Ok, everyone knows that data scientists are sexy, but what about local TV reporters who can’t keep themselves from sayingwords like Hadoop, MapReduce, NoSQL, JSON andpetabyte?
They were on my television when I came home from the Strata + Hadoop World conference, I kid you not.
At first I thought that maybe my brain had reached its capacity at the conference and that it was somehow offloading voice files to the DVR which was then interfering with the news … but that’s a bit too far-fetched, even for me.
Instead, it seems that Big Data actually took New York for one week last month, and that New York in turn, became taken with Big Data.
And why not? The City is the center of data-dependent industries like Advertising and Marketing, Investment Banking and Insurance, Media and New Media, Medical Research, I could go on … (and in some cases I already have). You can get my take on many of the vendor announcements made at Strata here.
This is the first part of a two-part article about takeaways from the conference program (versus the vendor announcements) as well as presentations that were notable and/or especially interesting -- like acclaimed data scientist Claudia Perlich’s cautionary tale about how data can be deceiving; lessons learned by the data science team at Nordstrom; one man’s take on why women make better data scientists than men and why a few slivers of data may be all we need at any one time.
Without further ado …
Big Data Comes of Age
Flashback to 2008: forget about Hadoop being enterprise ready, no one was even using the term “big data” back then. The first Hadoop World Conference held in 2009, with 700 attendees. “We were elated (to have that many people show interest),” says Cloudera Strategy Officer Mike Olson.
Last week’s filled to capacity conference had approximately 3400 attendees. Next year it moves to the Javits Center, the same place where the New York Auto show is held.
Suffice it to say that big data is booming.
And experts say that enterprises have gone far beyond being curious about big data. “We’re no longer being asked, 'What is this (big data) good for?' and 'Is it real?' Today companies are asking us 'How do I solve this problem?'” says Alan Saldich, vice president of marketing at Cloudera.
Brenden Grace, vice president of engineering at marketing agency Collective says that Big Data and Hadoop are “must haves” at his company and that he suspects this to be the case for most of the Strata conference attendees that he met.
True or False: Hadoop Is Ready for Prime Time
That being said, MapR Vice President of Marketing Jack Norris gave a main stage presentation at Strata in which he said that one of the myths around Hadoop is that some believe Hadoop isn't yet ready for prime time. While we agree that that’s a myth -- some of the enterprises that we speak to are already gleaning insights from their big data projects -- many others are at the proof of concept stage. Almost no one questions whether big data is part of their future.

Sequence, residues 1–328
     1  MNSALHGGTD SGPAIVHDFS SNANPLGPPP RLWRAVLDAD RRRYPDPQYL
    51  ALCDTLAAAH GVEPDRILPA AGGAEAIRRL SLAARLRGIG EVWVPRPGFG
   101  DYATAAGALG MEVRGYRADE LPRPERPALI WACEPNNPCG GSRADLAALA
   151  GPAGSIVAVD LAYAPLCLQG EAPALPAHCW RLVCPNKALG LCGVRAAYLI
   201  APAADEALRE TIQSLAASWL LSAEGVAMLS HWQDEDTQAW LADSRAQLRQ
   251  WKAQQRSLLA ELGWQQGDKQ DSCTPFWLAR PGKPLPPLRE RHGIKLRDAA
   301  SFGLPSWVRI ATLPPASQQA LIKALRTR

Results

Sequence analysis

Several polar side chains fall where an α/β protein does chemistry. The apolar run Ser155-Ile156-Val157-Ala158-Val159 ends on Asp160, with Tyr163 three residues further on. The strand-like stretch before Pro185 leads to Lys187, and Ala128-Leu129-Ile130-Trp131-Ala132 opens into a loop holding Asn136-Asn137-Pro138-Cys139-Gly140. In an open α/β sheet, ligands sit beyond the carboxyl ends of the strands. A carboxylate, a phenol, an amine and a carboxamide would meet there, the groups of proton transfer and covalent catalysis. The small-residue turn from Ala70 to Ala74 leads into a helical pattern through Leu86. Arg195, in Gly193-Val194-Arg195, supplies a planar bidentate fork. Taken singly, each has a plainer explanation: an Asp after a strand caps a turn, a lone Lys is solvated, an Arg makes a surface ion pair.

We heard Gartner Analyst Merv Adrian tell SiliconAngle’s theCUBE that when it comes to big data, enterprises have gone from asking why and where, to how and who.
This conference was all about real deployment. Organizations that were kicking the tires are now prepared for the production readiness, enterprise class features, and more and more governance and security, the issues on the lips and minds of people who were getting ready to make investments," said Adrian. He believes that big data (and Hadoop) are ready to move into the mainstream.
Saldich, independently of anything Adrian said, echoed the same sentiment, “Big data is no longer a science experiment or something that’s novel and unfamiliar, companies are beginning to look at Hadoop for data management.”
So while there may still be companies who don’t think Hadoop is ready from prime time, give them time, they’ll get there. Our advice to MapR and anyone else trying to convince enterprises thatHadoop is enterprise-ready? It may not be the best way to spend your time -- too many other companies want big data now. Fish where the fish are, we say, there are more and more fish showing up every day.
It’s Not a Data Platform, It’s a Data Hub
In case you haven’t heard, Cloudera introduced the concept of a “data hub” at the conference. The idea being that Hadoop is the primary place where enterprise data is stored. This doesn't mean that today’s data warehouses are doomed, as Cloudera explained at the conference, they’ll continue to be used for special use cases.
Want a metaphor around that? Think of your high-end camera, do you use it for most of the pictures you take? If you’re like most people, the answer is “no,” you use your smartphone. Data hub evangelists view data warehouses in much the same way; you’ll use them in special situations. The data hub will be where most of your data is stored.
It’s worth mentioning that shortly after Olson introduced the concept of a data hub at Strata, MapR announced that they had embraced the concept of data hub too; great minds think alike, no?
As we continue our wrap-up of Strata, we’ll find out if Facebook (which may be the world’s biggest user of Hadoop) thinks that the future is all about Hadoop, and we’ll point you to some presentations that we found to be especially interesting.